The body's World Energy Outlook shows wind accounting for 7.5% of the world's power by 2035, up from its prediction last year of 7.3%, with 2,680TWh produced. In 2011, 438TWh was produced by wind power.
Around 80% of the additions are expected to be onshore, although the report predicts that offshore wind installations "will gradually increase in importance".
The IEA said the global average investment cost for onshore wind in 2012 was about $1,700/kWh, with offshore coming in between $3,000/kWh and $4,500/kWh. The onshore wind figure is expected to fall by 10% by 2035.
While the EU currently has the largest share of total installed capacity, the report shows China with the highest capacity by 2020.
Overall, renewables are expected to provide 18% of the world's energy needs by 2035, up from 13% in 2011. This implies an increase of more than 7,000TWh, making up almost half of the increase in total power generation.
Renewable sources of energy are shown generating the second largest amount of energy before 2015, and closing in on coal as the primary source by 2035.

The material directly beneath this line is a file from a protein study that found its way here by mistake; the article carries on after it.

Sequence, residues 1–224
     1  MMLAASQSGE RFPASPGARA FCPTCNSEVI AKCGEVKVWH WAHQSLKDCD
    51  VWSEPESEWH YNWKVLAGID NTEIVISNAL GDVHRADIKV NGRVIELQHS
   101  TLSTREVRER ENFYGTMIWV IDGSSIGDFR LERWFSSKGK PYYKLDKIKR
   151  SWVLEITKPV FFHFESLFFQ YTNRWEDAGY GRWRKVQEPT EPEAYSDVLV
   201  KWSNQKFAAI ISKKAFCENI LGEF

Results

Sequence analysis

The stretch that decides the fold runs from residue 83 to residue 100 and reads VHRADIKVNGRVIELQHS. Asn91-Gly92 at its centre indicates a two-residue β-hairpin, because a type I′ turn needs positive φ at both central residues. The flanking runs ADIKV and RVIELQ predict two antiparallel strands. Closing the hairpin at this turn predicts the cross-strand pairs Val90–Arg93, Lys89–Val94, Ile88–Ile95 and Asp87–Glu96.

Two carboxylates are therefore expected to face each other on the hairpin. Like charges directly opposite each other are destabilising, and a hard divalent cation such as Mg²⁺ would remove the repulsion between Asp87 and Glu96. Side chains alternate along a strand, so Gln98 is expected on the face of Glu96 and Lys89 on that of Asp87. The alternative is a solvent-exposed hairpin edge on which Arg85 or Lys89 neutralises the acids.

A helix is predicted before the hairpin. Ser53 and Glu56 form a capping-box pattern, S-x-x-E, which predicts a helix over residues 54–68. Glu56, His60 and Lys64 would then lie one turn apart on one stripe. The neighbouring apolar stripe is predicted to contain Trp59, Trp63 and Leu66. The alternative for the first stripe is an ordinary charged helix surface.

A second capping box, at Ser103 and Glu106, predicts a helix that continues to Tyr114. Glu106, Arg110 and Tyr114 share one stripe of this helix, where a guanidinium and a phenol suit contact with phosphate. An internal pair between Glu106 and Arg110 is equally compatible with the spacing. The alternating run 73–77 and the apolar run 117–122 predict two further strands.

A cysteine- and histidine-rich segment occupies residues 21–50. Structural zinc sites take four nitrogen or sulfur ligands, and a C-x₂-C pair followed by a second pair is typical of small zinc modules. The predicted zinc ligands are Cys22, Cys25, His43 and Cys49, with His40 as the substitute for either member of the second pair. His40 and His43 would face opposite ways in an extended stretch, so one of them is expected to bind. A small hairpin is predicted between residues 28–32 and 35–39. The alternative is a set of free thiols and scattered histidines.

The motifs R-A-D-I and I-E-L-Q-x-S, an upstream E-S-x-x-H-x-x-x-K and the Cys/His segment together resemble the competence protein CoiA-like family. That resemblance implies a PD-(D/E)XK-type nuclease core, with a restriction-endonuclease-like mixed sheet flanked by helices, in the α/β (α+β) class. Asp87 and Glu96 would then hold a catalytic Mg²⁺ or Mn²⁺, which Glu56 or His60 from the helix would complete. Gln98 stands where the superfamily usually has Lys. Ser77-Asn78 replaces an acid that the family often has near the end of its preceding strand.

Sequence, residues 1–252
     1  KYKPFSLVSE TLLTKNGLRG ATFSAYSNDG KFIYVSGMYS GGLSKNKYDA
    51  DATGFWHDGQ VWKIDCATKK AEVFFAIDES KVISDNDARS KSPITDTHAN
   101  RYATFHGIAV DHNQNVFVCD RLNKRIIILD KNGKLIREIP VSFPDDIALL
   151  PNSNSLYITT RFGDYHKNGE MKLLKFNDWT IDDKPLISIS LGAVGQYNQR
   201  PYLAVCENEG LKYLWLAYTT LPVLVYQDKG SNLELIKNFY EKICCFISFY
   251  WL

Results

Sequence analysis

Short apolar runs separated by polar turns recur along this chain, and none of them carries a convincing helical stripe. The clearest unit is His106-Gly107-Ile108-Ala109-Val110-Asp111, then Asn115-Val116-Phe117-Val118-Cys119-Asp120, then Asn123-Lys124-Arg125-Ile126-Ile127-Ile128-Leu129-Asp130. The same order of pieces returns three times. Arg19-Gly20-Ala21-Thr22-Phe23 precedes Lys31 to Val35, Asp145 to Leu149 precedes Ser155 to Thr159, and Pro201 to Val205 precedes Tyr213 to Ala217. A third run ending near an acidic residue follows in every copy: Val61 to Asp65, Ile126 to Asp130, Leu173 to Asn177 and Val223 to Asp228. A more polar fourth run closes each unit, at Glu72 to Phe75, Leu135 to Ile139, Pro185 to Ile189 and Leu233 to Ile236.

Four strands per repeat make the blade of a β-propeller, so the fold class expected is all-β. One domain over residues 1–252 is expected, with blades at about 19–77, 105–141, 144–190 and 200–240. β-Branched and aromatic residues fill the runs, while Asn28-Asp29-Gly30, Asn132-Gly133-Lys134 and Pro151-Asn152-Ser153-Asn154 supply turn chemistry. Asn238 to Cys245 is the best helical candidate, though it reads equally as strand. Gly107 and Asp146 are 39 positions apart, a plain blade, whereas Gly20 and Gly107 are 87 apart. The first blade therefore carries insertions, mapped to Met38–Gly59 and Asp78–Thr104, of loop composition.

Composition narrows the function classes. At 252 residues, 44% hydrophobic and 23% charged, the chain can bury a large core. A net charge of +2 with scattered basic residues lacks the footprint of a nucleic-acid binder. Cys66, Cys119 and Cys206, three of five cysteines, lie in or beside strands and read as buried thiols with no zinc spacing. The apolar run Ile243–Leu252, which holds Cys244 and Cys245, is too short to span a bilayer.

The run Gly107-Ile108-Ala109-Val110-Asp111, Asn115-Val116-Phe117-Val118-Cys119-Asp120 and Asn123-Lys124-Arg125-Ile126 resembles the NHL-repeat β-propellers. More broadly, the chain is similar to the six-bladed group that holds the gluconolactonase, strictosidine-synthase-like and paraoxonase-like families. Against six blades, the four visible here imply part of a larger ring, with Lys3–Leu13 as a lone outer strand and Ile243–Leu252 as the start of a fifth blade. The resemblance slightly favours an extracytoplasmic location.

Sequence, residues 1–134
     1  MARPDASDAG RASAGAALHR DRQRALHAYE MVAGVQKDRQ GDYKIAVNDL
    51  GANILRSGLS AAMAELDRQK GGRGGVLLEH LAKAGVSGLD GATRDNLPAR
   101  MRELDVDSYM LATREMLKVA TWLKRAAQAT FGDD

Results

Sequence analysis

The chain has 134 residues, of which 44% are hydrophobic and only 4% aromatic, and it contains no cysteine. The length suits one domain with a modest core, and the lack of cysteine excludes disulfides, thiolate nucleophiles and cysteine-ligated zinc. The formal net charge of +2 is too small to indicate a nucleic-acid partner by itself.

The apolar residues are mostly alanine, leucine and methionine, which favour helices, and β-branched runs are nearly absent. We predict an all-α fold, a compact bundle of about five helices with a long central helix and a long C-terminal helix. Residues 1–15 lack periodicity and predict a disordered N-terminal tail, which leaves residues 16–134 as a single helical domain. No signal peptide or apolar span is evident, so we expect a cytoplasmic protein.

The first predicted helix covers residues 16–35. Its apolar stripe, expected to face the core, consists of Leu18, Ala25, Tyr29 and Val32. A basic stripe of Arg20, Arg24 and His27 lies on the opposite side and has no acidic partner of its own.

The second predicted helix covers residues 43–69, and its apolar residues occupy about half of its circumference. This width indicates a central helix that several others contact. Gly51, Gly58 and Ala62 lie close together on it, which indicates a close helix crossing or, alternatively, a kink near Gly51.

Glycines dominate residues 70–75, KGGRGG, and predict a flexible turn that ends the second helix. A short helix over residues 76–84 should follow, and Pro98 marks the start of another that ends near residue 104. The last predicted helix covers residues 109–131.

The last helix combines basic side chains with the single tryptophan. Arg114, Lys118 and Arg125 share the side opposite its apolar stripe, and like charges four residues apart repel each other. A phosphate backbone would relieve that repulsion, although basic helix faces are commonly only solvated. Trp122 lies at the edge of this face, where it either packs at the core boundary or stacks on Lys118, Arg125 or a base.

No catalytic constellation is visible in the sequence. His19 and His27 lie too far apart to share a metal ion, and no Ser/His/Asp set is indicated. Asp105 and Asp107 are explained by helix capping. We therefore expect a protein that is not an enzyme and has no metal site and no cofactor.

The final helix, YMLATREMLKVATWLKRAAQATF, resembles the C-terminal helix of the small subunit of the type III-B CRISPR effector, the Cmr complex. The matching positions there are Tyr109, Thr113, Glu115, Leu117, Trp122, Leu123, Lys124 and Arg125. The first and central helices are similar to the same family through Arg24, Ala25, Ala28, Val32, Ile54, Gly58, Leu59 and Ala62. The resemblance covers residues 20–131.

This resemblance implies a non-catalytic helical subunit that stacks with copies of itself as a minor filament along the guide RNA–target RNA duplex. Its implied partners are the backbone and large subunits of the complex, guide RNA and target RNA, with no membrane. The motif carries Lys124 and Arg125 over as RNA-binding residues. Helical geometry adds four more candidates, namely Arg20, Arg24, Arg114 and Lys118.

Almost two thirds of this increase is to come from non-OECD countries, the report finds.
To achieve this sea change, cumulative investment of $6.5 trillion is needed before 2035, with renewables accounting for 62% of investment in new power plants.
Subsidies are expected to more than double to $220 billion a year by 2035, from $101 billion in 2012, already up 11% on the year before.
Conversely, the IEA pressed the need to reduce subsidies on fossil fuels, which were five times higher than those for renewables at $544 billion.
The subsidies are characterised as holding back the fight against climate change and disproportionately benefitting the wealthy, rather than, as some have claimed, the disadvantaged.